As it was only mid afternoon I thought I would try continuing my walk by heading further west towards the Masoleum, but the distances were much further here and my feet were really tired by his point so I only made it to the Imperial Citadel. My Lonely Planet guide (the most recent version, published in 2014!) told me it was free to enter but it was actually 30,000 dong and, for me, other than it offering a pretty landscape, I didn’t get much out of it. Perhaps I was too tired by this point, but I didn’t stay there long and soon started to make my way back to my hostel, stopping by a cafe to try Bun Cha, a Vietnamese dish of grilled fatty pork, white noodles and lettuce, believed to have originated from Hanoi. It cost me 60,000 dong (£2) and was tasty, but not something I am desperate to eat again!
You can spend a lot of your time in Hanoi just trying to navigate the streets. The roads in the old quarter are narrow and, from about 7am, packed with zooming cars, Tuk Tuks and motorbikes for which there appears to be no system, other than maybe free-for-all. The skill at which the motorcyclists in particular weave in and out of other traffic and pedestrians is impressive, yet at times terrifying, plus there is very little room for walking on the pavements due to the enormous number of motorbikes parked on them so you are forced to enter into the traffic web even without the intention of crossing the street. You quickly discover the only way to survive crossing the roads is to not over-think it, not hesitate, but just MOVE.
It rained quite often when I was in Hanoi but another thing you are not short of is massage parlours. So, with a sore throat and not much else to do other than drink lots of coffee, I went to a nearby parlour for a 30 minute hot stone massage for 150,000 vnd (fiver). I followed the masseuse up the stairs to a room that was so low I couldn’t stand up in it, and sat on the bed to take off my top. I asked whether I should take off my bra but I think she misunderstood me slightly as she then started to undo my bra for me – not that I mind, but I hope she knows I am capable of undoing my own bra. Half of the massage was done with just her hands, which doesn’t quite seem right but she was getting all the knots out of my shoulders so I didn’t want to say anything. She eventually got the hot stones out, but they were so hot that I could hear her pick them up, make that noise when you inhale through your teeth and drop them again. She even tried putting them on my back when they were this hot, almost burning me in the process, but had to quickly remove them again, saying “argh” as they were too hot for her hands. Once they cooled it was amazing, and my favourite part was when she started to line them up along my back and secured the ones on my buttocks using my thong. She was resourceful, I’ll give her that. Actually, one thing I have learnt since having massages in south east Asia is that my bum has many more muscles than I realised and I quite like having it massaged – just a bit of inappropriate information for you.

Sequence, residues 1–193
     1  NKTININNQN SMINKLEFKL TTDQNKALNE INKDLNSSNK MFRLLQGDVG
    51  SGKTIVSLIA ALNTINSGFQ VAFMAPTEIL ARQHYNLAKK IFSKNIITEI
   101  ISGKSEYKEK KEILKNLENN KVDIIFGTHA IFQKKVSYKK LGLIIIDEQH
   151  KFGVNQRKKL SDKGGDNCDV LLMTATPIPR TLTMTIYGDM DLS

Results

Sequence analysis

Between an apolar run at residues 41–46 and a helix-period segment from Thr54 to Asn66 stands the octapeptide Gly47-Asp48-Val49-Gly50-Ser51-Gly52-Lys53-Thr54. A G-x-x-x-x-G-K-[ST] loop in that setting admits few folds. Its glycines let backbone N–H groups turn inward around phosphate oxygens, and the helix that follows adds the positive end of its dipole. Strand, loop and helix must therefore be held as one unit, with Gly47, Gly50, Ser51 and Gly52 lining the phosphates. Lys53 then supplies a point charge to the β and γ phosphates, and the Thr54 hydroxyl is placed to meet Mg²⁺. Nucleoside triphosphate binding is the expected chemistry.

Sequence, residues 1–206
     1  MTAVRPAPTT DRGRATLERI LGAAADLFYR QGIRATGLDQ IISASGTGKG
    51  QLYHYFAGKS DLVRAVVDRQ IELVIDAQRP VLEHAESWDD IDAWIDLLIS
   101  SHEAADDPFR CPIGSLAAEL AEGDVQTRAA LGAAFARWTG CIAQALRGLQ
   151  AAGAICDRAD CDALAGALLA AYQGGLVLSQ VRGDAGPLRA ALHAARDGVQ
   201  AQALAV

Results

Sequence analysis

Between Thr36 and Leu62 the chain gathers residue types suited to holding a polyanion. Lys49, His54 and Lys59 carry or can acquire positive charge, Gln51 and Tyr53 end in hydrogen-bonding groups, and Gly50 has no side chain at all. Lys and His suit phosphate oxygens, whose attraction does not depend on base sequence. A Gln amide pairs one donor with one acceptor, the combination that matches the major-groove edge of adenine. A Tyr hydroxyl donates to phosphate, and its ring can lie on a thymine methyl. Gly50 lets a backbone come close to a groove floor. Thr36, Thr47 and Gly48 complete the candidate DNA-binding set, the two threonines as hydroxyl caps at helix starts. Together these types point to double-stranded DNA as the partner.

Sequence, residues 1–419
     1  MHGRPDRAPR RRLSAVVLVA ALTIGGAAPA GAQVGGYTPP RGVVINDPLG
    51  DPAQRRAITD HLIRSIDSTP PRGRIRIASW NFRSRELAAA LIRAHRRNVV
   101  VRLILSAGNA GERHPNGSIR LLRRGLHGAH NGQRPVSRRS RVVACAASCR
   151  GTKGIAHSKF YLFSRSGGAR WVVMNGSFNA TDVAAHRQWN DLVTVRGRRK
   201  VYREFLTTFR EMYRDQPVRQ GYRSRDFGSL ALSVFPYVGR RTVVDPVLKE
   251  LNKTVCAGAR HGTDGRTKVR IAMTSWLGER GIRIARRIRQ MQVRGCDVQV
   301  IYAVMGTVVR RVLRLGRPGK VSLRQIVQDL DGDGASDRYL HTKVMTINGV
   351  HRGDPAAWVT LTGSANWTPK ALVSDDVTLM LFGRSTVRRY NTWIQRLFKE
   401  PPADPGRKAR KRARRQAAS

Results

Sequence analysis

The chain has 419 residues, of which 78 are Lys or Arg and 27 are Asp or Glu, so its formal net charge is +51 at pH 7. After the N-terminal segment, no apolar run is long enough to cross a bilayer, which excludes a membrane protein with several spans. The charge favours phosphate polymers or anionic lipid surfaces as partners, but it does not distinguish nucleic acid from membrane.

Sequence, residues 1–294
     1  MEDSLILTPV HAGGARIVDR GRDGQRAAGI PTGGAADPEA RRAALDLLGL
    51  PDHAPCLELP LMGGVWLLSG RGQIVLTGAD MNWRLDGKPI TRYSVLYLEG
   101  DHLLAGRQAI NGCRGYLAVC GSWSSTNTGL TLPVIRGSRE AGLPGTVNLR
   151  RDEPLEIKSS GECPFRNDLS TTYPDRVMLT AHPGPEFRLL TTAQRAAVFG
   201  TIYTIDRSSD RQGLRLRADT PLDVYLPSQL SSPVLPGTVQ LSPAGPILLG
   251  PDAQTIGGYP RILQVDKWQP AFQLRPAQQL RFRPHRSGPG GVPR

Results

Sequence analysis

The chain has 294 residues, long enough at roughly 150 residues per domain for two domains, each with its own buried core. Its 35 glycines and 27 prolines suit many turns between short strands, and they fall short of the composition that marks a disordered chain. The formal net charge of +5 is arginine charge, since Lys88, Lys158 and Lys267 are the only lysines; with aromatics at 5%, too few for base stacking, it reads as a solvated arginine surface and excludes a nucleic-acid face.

From Hanoi I also did a tour to Halong Bay for a boat cruise and also headed to Sapa for a couple of days for a homestay/trekking experience, both times going back to my base in Hanoi (and both of which I will talk about in a separate blog post). On my Halong tour I met a group of people and on one night in Hanoi we headed to a bar for gin buckets, laughing gas balloons and a grape/mint shisha. I enjoyed the night out, but Hanoi at times, with the many (MANY) backpackers can start to feel a bit like the strip in Malia! I loved the array of coffee on offer (I had a refreshing coconut milk and coffee smoothie at Cong Caphe for 45,000 vnd – or £1.70 – that I inhaled in less than a minute) and my day of exploring, however it hasn’t quite felt like I have seen the “real” Vietnam.